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Title
Data mining and computational intelligence in bioprocessing / by Marcus Eger
AuthorEger, Marcus
Thesis advisorHerwig, Christoph
PublishedWien, 2017
Descriptionix, 80 Seiten : Diagramme
Institutional NoteTechnische Universität Wien, Diplomarbeit, 2017
LanguageEnglish
Document typeThesis (Diplom)
Keywords (EN)Machine learning / bioprocess analysis
URNurn:nbn:at:at-ubtuw:1-107221 Persistent Identifier (URN)
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 The work is publicly available
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Data mining and computational intelligence in bioprocessing [7.57 mb]
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Abstract (English)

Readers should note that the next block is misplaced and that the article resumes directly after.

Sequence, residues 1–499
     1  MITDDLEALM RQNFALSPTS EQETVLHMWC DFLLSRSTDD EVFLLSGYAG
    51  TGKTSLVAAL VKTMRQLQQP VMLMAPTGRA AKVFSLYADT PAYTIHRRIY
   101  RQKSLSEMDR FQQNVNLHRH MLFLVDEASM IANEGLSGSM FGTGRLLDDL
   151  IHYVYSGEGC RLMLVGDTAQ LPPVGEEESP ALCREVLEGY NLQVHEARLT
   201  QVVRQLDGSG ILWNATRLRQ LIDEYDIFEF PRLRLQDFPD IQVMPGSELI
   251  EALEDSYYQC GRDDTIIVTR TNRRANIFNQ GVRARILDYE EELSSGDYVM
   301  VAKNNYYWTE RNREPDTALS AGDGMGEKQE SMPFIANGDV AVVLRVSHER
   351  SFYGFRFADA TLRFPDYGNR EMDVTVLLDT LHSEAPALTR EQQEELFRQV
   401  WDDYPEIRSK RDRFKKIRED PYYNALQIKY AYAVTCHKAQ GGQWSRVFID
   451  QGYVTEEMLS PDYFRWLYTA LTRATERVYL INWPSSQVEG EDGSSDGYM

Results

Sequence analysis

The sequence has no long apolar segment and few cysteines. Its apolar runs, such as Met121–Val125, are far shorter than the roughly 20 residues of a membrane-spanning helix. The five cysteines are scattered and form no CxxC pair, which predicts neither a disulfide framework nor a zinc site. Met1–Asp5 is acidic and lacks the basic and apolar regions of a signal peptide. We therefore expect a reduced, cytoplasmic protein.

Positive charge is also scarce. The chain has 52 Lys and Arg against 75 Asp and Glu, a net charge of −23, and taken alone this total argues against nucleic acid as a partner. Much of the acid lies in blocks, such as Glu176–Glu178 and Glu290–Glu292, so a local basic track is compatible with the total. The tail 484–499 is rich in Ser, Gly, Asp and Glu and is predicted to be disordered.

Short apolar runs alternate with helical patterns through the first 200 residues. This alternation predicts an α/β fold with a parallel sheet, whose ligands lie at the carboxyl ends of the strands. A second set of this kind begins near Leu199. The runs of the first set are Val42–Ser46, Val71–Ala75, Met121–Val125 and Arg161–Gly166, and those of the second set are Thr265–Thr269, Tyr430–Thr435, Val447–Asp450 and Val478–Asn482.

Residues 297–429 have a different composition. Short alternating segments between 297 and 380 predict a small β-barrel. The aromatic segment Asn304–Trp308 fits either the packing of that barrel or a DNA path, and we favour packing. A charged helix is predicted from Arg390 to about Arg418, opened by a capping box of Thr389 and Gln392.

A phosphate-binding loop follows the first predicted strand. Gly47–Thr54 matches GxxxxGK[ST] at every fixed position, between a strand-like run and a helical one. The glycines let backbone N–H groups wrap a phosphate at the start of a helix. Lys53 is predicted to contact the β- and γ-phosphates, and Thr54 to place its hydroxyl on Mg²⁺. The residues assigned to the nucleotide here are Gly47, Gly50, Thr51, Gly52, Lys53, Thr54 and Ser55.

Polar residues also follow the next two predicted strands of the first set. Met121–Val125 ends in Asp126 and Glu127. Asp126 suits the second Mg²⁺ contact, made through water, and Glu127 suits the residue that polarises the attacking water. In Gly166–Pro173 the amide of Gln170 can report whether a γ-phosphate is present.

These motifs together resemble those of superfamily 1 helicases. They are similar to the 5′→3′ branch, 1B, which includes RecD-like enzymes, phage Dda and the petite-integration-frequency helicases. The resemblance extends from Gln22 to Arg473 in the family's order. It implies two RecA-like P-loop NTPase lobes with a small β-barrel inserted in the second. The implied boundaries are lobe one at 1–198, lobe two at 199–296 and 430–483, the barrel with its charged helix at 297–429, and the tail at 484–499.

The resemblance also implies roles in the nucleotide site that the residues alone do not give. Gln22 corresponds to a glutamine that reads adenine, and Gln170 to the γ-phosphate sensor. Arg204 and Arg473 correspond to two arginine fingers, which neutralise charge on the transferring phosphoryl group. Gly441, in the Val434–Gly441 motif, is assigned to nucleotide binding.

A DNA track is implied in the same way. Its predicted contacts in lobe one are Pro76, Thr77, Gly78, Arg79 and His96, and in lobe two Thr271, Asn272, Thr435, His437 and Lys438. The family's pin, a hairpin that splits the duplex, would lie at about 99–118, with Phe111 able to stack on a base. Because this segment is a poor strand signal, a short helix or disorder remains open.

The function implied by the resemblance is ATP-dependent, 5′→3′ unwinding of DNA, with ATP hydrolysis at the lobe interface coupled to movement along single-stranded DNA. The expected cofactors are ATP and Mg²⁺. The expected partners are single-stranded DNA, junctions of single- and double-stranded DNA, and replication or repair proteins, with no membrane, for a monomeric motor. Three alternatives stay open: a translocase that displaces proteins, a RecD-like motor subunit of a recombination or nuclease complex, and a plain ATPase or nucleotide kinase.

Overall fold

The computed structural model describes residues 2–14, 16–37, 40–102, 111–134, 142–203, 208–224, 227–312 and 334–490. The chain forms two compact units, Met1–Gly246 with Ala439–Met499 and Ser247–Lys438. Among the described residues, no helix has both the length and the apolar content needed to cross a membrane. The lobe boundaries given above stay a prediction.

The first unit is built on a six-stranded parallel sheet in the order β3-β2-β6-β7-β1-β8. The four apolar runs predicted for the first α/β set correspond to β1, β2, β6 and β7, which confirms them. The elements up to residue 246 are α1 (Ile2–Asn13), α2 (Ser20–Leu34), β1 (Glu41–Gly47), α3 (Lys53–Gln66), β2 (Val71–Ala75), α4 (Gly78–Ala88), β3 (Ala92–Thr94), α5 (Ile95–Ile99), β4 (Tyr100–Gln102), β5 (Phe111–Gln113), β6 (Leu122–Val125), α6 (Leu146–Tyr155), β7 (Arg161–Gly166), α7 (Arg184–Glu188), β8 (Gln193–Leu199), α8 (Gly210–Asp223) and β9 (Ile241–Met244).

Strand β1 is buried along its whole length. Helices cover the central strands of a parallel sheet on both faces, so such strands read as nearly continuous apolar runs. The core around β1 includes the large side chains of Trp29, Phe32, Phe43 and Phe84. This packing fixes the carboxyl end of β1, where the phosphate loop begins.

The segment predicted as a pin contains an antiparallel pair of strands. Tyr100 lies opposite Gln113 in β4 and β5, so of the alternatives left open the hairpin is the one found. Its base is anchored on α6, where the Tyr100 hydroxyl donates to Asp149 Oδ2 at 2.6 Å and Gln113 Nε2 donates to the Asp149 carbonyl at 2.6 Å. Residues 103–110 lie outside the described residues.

Biotechnology production plants offer a wealth of information in recorded bioprocessing data through modern data logging and archiving systems. This rich amount of data allows to optimize single bioprocesses, conduct quality control, and characterize processes. Due to the variety of different data logging systems, the resulting recorded bioprocess data is stored in different document formats, storage and database systems, and largely unstructured shapes. State of the art methods of bioprocess data alignment include the development of specific extraction scripts and manual data alignment. A large part of the analytical process is thus put into time-consuming manual data alignment processes. Machine Learning (ML) techniques can uncover hidden patterns in these seemingly unstructured shapes and thus allow for the automatic alignment of bioprocess data, independent of different storage formats and shapes. It is thus potentially advantageous to apply ML techniques in order to ease the time-consuming effort put into the data alignment process. The aim of this thesis is to develop a bioprocess data extraction and alignment framework based on different Machine Learning techniques for data preprocessing and classification. The data set used in the scope of this thesis consists of different online- and offlinerecorded batch processes collected from six different companies in the pharmaceutical, bioreactor, and biosensor industry (see appendix). All data sources were anonymized and recorded values replaced by random values prior to any processing steps. Each recorded batch is partitioned into a vectorized grid, where every data entry is represented by a single cell on the grid. Features for the classification process are built from cell properties and their surrounding cell neighborhood information for a given radius. Due to the high-dimensionality of the resulting feature space and to ensure maximum variability, the input dimension is reduced using Principal Component Analysis (PCA). The processed feature set is tested on two different classifiers, Stochastic Gradient Descent (SGD) with L2 regularization (Support Vector Machine) and Gradient tree Boosting. Tests were run using different neighborhood distances, different training/testing ratios, and different sets of hyperparameters for the chosen classifiers. The variation in training/testing ratios showed that the variance between the highest and lowest test result steadily decreased for an increasing number of training samples. Based on the resulting averaged classifier F-scores for different neighborhood radii tests, a neighborhood distance radius of 2 demonstrated a good agreement between specificity Between the two classifiers, the Gradient tree Boosting method achieved an overall higher prediction accuracy than the Support Vector Machine. The results of the feature importance tests for the cell features showed that the features data type and string similarity contributed the most during the training phase. The results for the feature importances for different neighborhood directions indicated a strong bias towards the cell information below each cell. The final prediction model achieved an average F-score of 86.27 with a low standard deviation of only 0.0477. A machine-learning based extraction method for bioprocess data proved to be succesful, but with limitations. Improvements in the parsing process of the bioprocess data, the addition of new cell features, and a higher information content in the cell neighborhood features would greatly refine the accuracy of the prediction models. Future opportunities to expand the work done in this thesis would be an extension of the hyperparameter optimization for the Gradient Boosting classifier, improved sampling methods to reduce the class label imbalance in the training set, and a comparison of different nearest neighbor metrics in relation to the respective feature importance.

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